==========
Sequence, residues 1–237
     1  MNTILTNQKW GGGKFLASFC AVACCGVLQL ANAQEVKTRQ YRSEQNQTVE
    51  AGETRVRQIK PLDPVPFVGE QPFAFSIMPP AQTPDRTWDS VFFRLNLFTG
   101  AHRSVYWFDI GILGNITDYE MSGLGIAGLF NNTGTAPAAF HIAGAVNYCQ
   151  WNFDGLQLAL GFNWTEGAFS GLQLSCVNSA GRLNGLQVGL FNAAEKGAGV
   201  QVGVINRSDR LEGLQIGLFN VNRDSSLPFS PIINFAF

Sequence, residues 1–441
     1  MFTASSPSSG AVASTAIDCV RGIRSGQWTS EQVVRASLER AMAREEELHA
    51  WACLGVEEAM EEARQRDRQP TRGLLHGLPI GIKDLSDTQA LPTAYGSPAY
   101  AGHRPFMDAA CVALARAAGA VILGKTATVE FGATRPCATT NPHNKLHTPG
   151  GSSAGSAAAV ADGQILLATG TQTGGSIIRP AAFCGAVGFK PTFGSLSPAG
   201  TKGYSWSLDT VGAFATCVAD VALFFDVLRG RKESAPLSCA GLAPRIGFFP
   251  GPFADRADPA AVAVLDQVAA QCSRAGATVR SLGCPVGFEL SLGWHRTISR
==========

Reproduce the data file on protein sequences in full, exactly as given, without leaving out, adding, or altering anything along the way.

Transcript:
Sequence, residues 1–237
     1  MNTILTNQKW GGGKFLASFC AVACCGVLQL ANAQEVKTRQ YRSEQNQTVE
    51  AGETRVRQIK PLDPVPFVGE QPFAFSIMPP AQTPDRTWDS VFFRLNLFTG
   101  AHRSVYWFDI GILGNITDYE MSGLGIAGLF NNTGTAPAAF HIAGAVNYCQ
   151  WNFDGLQLAL GFNWTEGAFS GLQLSCVNSA GRLNGLQVGL FNAAEKGAGV
   201  QVGVINRSDR LEGLQIGLFN VNRDSSLPFS PIINFAF

Sequence, residues 1–441
     1  MFTASSPSSG AVASTAIDCV RGIRSGQWTS EQVVRASLER AMAREEELHA
    51  WACLGVEEAM EEARQRDRQP TRGLLHGLPI GIKDLSDTQA LPTAYGSPAY
   101  AGHRPFMDAA CVALARAAGA VILGKTATVE FGATRPCATT NPHNKLHTPG
   151  GSSAGSAAAV ADGQILLATG TQTGGSIIRP AAFCGAVGFK PTFGSLSPAG
   201  TKGYSWSLDT VGAFATCVAD VALFFDVLRG RKESAPLSCA GLAPRIGFFP
   251  GPFADRADPA AVAVLDQVAA QCSRAGATVR SLGCPVGFEL SLGWHRTISR